First Paul finishes beveling the stemposts.

Beveling the stem.

Paul uses my 5″ random orbital sander to put the bevel onto the stempost.  Using 80 grit paper, it only takes twenty minutes to do.  He uses a strip to check the bevel as he goes.

Stempost bevel at the keel.

Checking the bevel.

While Paul bevels the stemposts, I cut up some aluminum “L” extrusions into 1″ wide “J” hooks:

1″ “J” hooks.

I drill a hole in the “J” hook to attach elastic or string to hold the strips in place where needed.

Making the “J” hooks.

Finished “J” hooks:

“J” hooks.

“J” hook in use:

“J” hook in use.

After beveling the stemposts, we check the strong back and mold stations for square and insure that they are “Level”.  Then we line the stations with tuck-tape so that the strips/epoxy will not permanently stick to them.

Tuck-taping and squaring-up the mold stations.

Getting there….

Tuck-taping the mold stations.

Almost done…

We run out of red tuck-tape and have to use ordinary packing tape for the last two station molds.

The ordinary packing tape does not work as well as the tuck-tape.  It does not stick to the mold stations as well as the tuck-tape.   Oh well…..

We put a bundle of numbered strips on each side of the strong-back…trying to keep both sides the same.

Next step is to put on the first strip.  This strip will be at the gunwale height at the centre station.  This will require much eye-balling and leveling…..

Determining where the first strip will go.

We temporarily clamp the strip at the stemposts.

Checking out the first strip.

We will have the first few strips dark, then the light oak accent strip, another dark strip and then go from dark strips to lighter in colour ones.  Again, trying to keep the same colour of strips on both sides of the canoe.

We have put the strips on cove side up, to put the glue in.  We are using Tight Bond II.  Since all the glue has to do is to hold the strips (hull) together during the sanding of the outside of the “hull on the mold” phase, we are not using a lot of glue.  We are more generous glueing the strips to the stemposts.

First and second strip on.

Paul hot-melt glues the strips to the tuck-tape on the mold stations.

Hot melt glue used to temporarily secure strips to mold station.

Notice that the ordinary packing tape is pulling away from the mold station.

Painters tape provides enough clamping pressure!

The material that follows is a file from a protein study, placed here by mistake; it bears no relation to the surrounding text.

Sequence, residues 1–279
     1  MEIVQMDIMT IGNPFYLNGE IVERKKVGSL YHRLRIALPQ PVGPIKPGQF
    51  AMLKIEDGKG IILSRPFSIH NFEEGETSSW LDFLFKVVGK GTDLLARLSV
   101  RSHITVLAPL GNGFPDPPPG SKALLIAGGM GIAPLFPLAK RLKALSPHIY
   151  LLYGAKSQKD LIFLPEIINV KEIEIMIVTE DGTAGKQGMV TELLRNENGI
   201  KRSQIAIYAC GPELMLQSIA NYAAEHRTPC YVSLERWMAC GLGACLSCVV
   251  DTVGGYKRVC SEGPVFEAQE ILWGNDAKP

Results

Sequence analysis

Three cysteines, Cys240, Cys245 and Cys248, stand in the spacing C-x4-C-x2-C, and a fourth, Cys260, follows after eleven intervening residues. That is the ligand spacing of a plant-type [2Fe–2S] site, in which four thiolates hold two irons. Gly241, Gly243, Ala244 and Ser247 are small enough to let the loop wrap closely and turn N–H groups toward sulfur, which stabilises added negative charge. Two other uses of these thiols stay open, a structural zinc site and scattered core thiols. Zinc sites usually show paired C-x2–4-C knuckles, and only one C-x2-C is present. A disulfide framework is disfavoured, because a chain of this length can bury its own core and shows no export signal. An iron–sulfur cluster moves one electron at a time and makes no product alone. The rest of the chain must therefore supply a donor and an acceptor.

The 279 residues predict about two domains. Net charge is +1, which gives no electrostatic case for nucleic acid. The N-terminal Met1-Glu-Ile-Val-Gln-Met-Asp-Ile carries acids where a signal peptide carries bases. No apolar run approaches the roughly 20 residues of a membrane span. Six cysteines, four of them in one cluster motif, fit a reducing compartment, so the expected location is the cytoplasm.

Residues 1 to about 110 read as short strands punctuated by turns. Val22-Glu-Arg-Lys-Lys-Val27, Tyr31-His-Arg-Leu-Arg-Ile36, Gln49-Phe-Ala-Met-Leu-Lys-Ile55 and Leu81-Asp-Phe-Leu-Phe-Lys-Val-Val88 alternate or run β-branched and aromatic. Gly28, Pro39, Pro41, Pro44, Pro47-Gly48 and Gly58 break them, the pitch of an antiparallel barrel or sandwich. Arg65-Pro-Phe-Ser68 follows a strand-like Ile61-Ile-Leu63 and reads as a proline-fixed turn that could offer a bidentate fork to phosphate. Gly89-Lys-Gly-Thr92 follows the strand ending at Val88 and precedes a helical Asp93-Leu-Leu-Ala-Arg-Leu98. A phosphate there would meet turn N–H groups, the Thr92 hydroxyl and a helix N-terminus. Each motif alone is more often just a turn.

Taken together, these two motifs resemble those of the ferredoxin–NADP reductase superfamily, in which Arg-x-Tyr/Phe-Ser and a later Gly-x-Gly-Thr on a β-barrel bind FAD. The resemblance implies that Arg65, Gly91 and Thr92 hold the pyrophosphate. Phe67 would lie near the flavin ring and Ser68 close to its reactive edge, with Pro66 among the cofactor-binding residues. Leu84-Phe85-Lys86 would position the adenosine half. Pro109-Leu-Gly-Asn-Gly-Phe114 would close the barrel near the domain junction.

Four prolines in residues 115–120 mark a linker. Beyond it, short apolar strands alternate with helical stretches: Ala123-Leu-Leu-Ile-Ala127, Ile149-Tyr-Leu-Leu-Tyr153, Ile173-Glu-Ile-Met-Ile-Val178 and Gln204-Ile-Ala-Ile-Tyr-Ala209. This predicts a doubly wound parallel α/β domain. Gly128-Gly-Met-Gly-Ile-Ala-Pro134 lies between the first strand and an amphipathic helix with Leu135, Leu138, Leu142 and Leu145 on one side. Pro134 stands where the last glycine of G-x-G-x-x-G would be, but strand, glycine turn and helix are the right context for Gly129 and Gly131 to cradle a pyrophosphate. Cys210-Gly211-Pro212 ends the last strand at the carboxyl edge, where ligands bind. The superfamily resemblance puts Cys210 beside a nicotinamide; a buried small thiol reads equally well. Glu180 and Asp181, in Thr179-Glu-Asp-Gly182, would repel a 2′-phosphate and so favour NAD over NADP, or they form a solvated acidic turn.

I have made three 4″ pieces of cedar strip to help glue the strips to each other…Using the short piece of a strip, I can apply enough pressure to press the two strips together,

Some squeezed-out glue.

squeezing out some glue without crushing the cove on the strip.  As I apply clamping pressure, Paul tapes the two strips together to hold them until the glue sets.

Third strip on with glue in “cove” ready for the accent strip.

As Paul and I put the oak accent strip, we wonder if the 1/16″ proud part will work…If not, we will just sand it flush with the other strips.

Oak accent strip on.

Well, that is it for today…Four strips on and two things learned…If we put the strips on almost even with the bow on the Port  side and almost even with the stern on the Starboard side, we can put strips on both sides of the canoe, one after another.  The part of the strip past the stempost will not interfere with the strip on the other side of the canoe.

The way we did the first four, we could only put strips on one side of the canoe as a time…

We need to buy a bag of big elastic bands for the “J” hooks.

Happy Paddling….





Posted in Under the Keel.... | Leave a comment

The Urban Oarsman & Son build a Canoe part five.

Well, it is after Christmas and Paul and I have gone to Windsor Plywood to buy an accent strip for the canoe.  They happen to have some 2¼ by 5/16” by 16′ long oak casing.  Paul finds a piece with a pleasing grain pattern.  Done deal.  When we get home we will rip the piece in half, ending up with two 1 1/16″ strips which when  routed will end up 1″ wide by 5/16″ thick by 16′ long.  The problem with using casing is that the top two edges are rounded over.  By ripping the strip in half, we get one square edge.  We will rout the “bead” into the half-rounded over edge and the cove into the “square” one.

We set up the Bead and Coving jig.

Putting the “Bead” onto the accent strip of oak.

It only takes a few minutes to run both strips through the router.

Because the accent strips are 1/16″ thicker than the other cedar strips, we mill the accent strips to stand 1/16″ proud on the outside of the canoe:

the “Bead”.

Putting the cove onto the strips.

We set the strips aside.  Paul wants to stain them darker to make them stand out against the lighter coloured cedar.

The two accent strips:

The two oak pieces with the rest of the strips.

A close-up of the “Bead and Cove” edge:

“Bead and Cove” close-up showing the 1/16″ proud.

If the “Proud” strip does not look right, we will sand the strip even with the rest of the strips.

That’s all for today…


Have a great paddling 2018!

Posted in Under the Keel.... | Leave a comment

The Urban Oarsman rows from Hollyburn Sailing Club to Sandy Cove

The Urban Oarsman goes on the December 16th, 2017 Hot Mulled Row to Sandy Cove with the Hollyburn Sailing Club and SKABC.

10am, Saturday, December 16th, 2017.  Winds are calm.  Cloudy and grey but no rain.  A good day to row.

Tides for the day:

Saturday, December 16th, 2017